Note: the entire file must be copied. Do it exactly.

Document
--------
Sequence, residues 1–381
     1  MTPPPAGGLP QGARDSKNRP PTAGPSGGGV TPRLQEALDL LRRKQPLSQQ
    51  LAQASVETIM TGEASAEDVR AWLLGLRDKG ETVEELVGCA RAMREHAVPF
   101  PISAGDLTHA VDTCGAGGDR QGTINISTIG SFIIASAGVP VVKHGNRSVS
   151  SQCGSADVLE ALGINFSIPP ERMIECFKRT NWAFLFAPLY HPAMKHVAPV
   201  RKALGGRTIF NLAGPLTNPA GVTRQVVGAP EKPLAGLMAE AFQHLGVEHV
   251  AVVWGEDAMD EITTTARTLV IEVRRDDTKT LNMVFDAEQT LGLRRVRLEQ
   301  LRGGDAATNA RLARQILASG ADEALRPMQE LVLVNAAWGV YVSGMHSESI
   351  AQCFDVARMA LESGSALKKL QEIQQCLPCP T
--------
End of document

Sequence, residues 1–381
     1  MTPPPAGGLP QGARDSKNRP PTAGPSGGGV TPRLQEALDL LRRKQPLSQQ
    51  LAQASVETIM TGEASAEDVR AWLLGLRDKG ETVEELVGCA RAMREHAVPF
   101  PISAGDLTHA VDTCGAGGDR QGTINISTIG SFIIASAGVP VVKHGNRSVS
   151  SQCGSADVLE ALGINFSIPP ERMIECFKRT NWAFLFAPLY HPAMKHVAPV
   201  RKALGGRTIF NLAGPLTNPA GVTRQVVGAP EKPLAGLMAE AFQHLGVEHV
   251  AVVWGEDAMD EITTTARTLV IEVRRDDTKT LNMVFDAEQT LGLRRVRLEQ
   301  LRGGDAATNA RLARQILASG ADEALRPMQE LVLVNAAWGV YVSGMHSESI
   351  AQCFDVARMA LESGSALKKL QEIQQCLPCP T